In conducting the operations in Assam, the chief difficulty of importance which has not yet been effectually met is the paucity of labor; this does not, however, exist to the extent of materially checking any of the important operations connected with the production of the tea, but it is felt in the arrear of various descriptions of work, in providing bricks for building, and in the preparation of a stock of seasoned timber and boards for building and box-making; while the out factories would be benefited by a larger proportion of agricultural labor. Great advance, however, has been made by the superintendent in the employment of Assamese labor in contract work: under the arrangement he has established, these contracts are now, for the most part, fulfilled with much punctuality, and there is reason to expect that this system of labor will be further extended. The Kachorie Coolies are a valuable class of laborers, but they do not appear to be sufficiently numerous, or to emigrate in sufficient numbers to afford with the native Assamese a supply of labor altogether equal to our wants, so as to render the concern independent of Bengal labor.
The tea lands are for the most part advantageously situated, within convenient reach of water-carriage, either by the 'Dickhoo,' 'Desang,' and 'Dehing' rivers, or by means of small streams leading to them. The Plantations of the Satsohea and Rookang forests, and on the banks of the Tingri in the Northern Division, are all valuable centres of extension in each district. The lands suitable for tea cultivation are ample in extent, and of the highest fertility; while the Hill Factories of the Southern and Eastern Divisions, although secondary in importance, are, as regards extent and quality of soil, equally eligible as bases of extension.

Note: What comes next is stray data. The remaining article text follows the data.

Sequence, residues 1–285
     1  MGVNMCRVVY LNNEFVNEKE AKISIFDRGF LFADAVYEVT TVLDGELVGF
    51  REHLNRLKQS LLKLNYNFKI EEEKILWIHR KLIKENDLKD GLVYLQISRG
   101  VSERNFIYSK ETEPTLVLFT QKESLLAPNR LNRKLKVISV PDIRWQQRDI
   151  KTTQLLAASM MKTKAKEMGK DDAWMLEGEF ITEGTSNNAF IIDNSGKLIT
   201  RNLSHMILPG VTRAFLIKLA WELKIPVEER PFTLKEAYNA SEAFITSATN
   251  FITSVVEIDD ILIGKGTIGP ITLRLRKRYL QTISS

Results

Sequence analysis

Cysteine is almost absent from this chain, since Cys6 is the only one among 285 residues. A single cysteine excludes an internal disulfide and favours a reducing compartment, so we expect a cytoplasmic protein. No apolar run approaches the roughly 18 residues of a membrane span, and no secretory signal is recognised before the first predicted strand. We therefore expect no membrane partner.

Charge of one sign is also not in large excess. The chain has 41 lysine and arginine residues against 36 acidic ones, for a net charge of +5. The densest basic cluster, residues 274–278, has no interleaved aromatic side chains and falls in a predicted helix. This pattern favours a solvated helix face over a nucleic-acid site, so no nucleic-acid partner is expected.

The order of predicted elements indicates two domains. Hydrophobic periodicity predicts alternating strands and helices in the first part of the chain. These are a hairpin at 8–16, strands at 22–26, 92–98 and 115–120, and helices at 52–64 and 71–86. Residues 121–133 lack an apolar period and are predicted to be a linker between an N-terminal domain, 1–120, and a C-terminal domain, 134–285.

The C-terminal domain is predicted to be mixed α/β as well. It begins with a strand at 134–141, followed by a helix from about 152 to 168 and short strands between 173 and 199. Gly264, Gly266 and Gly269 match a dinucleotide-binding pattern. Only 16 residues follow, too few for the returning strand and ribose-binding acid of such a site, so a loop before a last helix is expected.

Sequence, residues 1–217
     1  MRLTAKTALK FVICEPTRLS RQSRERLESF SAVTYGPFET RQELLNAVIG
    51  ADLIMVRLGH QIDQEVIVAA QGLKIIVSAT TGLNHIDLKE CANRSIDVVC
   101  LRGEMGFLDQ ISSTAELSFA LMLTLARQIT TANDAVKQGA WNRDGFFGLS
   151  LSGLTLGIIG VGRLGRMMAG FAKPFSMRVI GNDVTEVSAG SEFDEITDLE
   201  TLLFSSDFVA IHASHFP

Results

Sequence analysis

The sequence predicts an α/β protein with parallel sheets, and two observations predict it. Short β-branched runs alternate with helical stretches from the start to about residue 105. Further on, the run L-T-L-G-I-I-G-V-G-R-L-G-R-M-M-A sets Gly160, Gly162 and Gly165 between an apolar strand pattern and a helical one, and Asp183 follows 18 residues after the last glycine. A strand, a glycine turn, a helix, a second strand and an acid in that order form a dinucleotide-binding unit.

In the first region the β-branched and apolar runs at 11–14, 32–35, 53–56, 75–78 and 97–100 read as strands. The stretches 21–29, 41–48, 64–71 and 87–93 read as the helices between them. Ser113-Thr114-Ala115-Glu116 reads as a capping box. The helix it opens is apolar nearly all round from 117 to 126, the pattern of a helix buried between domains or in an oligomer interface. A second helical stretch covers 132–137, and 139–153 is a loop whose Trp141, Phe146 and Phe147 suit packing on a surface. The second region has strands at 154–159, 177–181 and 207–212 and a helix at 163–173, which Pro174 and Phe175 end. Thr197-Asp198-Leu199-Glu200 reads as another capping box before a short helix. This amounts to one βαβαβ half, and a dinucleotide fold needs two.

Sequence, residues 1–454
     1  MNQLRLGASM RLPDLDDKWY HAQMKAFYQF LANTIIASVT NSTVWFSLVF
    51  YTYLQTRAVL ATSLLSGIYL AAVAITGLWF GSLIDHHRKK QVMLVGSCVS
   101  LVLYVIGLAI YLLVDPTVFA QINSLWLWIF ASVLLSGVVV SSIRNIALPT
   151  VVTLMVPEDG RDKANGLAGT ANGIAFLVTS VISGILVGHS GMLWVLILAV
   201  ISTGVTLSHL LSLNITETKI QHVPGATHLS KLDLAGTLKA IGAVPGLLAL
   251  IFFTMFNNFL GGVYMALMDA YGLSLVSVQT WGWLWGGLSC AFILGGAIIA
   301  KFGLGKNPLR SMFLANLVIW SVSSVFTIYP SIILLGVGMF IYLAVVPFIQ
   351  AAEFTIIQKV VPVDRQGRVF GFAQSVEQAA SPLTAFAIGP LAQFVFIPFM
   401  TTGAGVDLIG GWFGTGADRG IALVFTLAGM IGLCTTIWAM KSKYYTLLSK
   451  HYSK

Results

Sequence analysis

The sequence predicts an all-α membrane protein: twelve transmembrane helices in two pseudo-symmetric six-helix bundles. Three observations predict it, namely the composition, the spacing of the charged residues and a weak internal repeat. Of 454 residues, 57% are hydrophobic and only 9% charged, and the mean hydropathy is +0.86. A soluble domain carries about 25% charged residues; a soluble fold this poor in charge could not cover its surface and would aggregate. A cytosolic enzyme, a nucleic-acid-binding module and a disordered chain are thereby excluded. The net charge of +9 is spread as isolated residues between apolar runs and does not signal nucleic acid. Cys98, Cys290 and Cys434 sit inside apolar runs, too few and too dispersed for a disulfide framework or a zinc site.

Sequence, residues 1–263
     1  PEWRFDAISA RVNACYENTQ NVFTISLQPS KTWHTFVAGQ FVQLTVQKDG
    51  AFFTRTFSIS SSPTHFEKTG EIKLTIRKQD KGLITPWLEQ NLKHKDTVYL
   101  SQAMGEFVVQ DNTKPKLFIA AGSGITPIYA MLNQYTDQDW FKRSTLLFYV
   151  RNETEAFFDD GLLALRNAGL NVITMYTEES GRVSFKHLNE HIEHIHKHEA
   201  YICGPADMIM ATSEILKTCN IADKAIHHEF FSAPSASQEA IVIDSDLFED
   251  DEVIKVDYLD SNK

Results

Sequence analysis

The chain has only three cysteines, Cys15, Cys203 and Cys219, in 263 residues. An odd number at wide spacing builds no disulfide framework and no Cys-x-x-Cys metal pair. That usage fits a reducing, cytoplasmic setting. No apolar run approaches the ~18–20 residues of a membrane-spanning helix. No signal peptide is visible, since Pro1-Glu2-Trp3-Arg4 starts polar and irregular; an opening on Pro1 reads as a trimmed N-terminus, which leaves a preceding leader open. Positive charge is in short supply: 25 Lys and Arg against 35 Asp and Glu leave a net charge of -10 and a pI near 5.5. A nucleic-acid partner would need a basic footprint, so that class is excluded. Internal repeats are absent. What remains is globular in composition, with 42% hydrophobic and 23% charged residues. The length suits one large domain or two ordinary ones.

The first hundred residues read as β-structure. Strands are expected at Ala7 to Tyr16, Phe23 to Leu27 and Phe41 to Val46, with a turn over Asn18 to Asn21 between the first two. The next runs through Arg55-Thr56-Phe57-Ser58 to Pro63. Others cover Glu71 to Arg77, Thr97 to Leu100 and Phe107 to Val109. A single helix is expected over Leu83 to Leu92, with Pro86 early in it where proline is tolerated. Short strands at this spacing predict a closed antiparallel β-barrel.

The prospects of the future, I entertain no doubt, will keep pace with the satisfactory results that have hitherto been realised, looking to the sound organisation that now exists in our establishment at Assam, an organisation that has already taken healthy root, and must in its growth gain strength and permanence. I think we may safely calculate, after the current year, upon an annual increase in our production of 40,000 lbs. of tea, until a larger system of operations can be matured, of which the basis is already laid down, in the new lands cleared and sown during the past cold season, averaging 225 to 250 poorahs; and this extended basis will be doubtless followed up by annual extensions of similar, if not larger, area. The concern is now taking a position which will place it on a scale of working commensurate with the objects entertained upon the first incorporation of the company, the profits now likely to be realised being adequate to all the outlay necessary."